[0039] In an embodiment of the present invention, pairwise distances are calculated between defined sets of atoms. The defined set of atoms varies with pharmacophore types, but is obtained using the same principles. Shape is captured by an ensemble of pairwise distances between all heavy atoms of the molecule. All other properties are captured by an ensemble of distances between the atom(s) that possesses the particular property and all heavy atoms of the molecule.

[0040] FIG. 2A shows an example of a distance map for an H-bond acceptor oxygen for the structure shown in FIG. 2B. That is, the map is of the distances from the H-bond acceptor oxygen to the other heavy atoms as shown. By doing so, the relative position(s) of the property is mapped on the overall shape of the molecule. Distance values between two atoms can be attained based on a single conformation of the molecule, or as an average of distances present in several conformations of the molecule obtained by a conformational search method, preferably molecular dynamics. Because the system works in distance space, the frame of reference for every molecule is internal and, therefore, no pairwise alignment is necessary when molecules are compared.

[0041] The set of distances that represent a particular property are processed by a method (described below) to yield descriptive fingerprint values. Distance values between all heavy atoms are computed and stored. As shown in FIG. 2A for one pharmacophore type, individual sets of distances between a pharmacophore type and all heavy atoms are obtained by knowledge-based methods separately for every pharmacophore type. The rules that render a particular heavy atom into a pharmacophore class are based on interactions commonly observed in molecular complexes and are well understood in terms of energetic contribution. New rules can easily be added to the system and method of the present invention.

[0042] For the set of all heavy atoms and for every given pharmacophore type, distances are sorted in increasing or decreasing order to yield a curve as shown, for example, in FIG. 4. Thus, every molecule has a curve for the distances between its heavy atoms, to characterize the shape, and a curve for the distances between its heavy atoms and each pharmacophore type such as H-bond acceptors as shown in FIG. 4.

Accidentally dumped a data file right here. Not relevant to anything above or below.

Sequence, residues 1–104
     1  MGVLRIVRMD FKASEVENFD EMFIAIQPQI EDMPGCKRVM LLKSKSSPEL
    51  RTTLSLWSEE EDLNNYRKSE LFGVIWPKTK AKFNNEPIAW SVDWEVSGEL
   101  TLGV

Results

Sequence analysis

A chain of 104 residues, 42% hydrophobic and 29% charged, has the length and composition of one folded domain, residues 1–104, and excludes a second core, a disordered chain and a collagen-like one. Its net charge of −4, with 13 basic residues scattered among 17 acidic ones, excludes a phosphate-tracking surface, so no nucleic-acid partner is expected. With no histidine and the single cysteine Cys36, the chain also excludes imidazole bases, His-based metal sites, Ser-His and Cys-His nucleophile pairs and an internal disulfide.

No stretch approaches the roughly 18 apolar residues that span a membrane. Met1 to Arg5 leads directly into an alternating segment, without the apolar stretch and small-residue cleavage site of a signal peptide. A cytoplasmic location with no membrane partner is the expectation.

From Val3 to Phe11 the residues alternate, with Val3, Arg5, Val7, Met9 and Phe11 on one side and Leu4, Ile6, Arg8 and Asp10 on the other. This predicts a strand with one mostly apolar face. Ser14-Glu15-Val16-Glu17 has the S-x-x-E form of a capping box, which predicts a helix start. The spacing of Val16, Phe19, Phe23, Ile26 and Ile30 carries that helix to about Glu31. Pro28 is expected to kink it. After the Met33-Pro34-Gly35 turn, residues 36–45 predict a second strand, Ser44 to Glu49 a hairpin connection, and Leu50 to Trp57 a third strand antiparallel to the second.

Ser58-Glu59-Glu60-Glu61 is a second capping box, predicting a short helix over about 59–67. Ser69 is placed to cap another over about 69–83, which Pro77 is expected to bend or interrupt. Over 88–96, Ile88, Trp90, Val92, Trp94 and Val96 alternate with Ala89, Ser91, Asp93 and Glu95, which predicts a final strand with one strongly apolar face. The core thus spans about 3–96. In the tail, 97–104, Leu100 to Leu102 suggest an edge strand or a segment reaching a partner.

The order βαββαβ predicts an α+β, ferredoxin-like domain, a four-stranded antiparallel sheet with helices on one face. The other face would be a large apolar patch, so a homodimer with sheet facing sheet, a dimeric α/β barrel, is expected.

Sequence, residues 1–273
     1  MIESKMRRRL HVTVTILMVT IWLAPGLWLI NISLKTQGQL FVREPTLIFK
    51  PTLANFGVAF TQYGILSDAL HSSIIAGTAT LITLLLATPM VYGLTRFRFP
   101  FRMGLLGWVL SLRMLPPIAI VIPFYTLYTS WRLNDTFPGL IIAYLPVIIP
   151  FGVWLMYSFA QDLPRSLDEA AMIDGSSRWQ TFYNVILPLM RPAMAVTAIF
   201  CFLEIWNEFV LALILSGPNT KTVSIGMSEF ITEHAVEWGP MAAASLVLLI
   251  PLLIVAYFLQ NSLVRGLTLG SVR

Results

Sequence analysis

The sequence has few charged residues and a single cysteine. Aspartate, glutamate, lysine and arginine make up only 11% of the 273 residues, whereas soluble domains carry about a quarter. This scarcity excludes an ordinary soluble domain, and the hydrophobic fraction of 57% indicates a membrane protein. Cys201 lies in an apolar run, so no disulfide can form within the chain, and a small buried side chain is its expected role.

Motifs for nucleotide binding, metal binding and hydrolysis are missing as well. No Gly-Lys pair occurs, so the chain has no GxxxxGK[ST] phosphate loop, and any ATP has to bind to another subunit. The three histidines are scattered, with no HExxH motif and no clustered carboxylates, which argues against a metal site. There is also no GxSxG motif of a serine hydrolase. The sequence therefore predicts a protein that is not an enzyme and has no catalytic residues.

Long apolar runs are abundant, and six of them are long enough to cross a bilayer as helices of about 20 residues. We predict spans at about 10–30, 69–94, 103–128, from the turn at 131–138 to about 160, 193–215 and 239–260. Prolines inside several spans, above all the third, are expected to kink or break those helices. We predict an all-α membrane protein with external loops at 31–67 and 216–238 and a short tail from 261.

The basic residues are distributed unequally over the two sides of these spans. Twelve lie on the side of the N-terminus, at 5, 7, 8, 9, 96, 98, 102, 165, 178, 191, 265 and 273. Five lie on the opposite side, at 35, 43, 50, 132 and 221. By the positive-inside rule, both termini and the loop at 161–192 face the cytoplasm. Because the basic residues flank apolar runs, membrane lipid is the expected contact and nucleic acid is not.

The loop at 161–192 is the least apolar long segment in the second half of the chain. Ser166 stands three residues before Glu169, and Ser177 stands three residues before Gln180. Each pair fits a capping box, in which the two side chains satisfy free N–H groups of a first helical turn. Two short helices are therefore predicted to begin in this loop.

[0043] The first graph in FIG. 4 shows curves representing the shape for four molecules. As shown, two of the molecules have about 900 pairs of distances, and the other two molecules have about 600 pairs of distances. The distances are arranged to have a declining curve. As shown in FIG. 4, the distances have a minimum of 2 angstroms to the part of the curve. The curve representing the shape is generated from the pairwise relationship of all atoms in the molecule. If there are n atoms used for distance measurements, the number of possible pairwise distances is (n)(n−1)/2. The actual number will typically be less because of the minimum threshold for distances, e.g., a 2 Angstrom or 3 Angstrom minimum, below which the distances are ignored. The distances could be arranged with an ascending curve, or the x- and y-axes could be reversed.

[0044] For the properties, such as H-bond acceptors, as shown in the second graph in FIG. 4, there will be fewer distances, namely a maximum of (m)(n−1) if there are n atoms in total and m atoms that possess H-bond donor properties. FIG. 5 also shows graphs and corresponding chemical drawings for certain molecules.

[0045] Each individual distance curve of the type shown in FIG. 4 or FIG. 5 can then be characterized by parameters or values that mathematically describe the curve, such as first or higher order derivatives (slope) or intercepts. To give a highly simplified example, if the curves were made to be the best linear fit (y=mx+b), they could be characterized by a slope and a y-intercept. For more complex curves, additional numbers will be used.